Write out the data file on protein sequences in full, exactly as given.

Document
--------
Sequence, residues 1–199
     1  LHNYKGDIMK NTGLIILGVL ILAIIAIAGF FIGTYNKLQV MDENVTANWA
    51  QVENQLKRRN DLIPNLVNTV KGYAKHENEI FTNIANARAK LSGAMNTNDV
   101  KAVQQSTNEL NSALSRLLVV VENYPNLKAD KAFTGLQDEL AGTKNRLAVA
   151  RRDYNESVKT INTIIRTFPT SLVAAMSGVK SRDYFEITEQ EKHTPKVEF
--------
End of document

Sequence, residues 1–199
     1  LHNYKGDIMK NTGLIILGVL ILAIIAIAGF FIGTYNKLQV MDENVTANWA
    51  QVENQLKRRN DLIPNLVNTV KGYAKHENEI FTNIANARAK LSGAMNTNDV
   101  KAVQQSTNEL NSALSRLLVV VENYPNLKAD KAFTGLQDEL AGTKNRLAVA
   151  RRDYNESVKT INTIIRTFPT SLVAAMSGVK SRDYFEITEQ EKHTPKVEF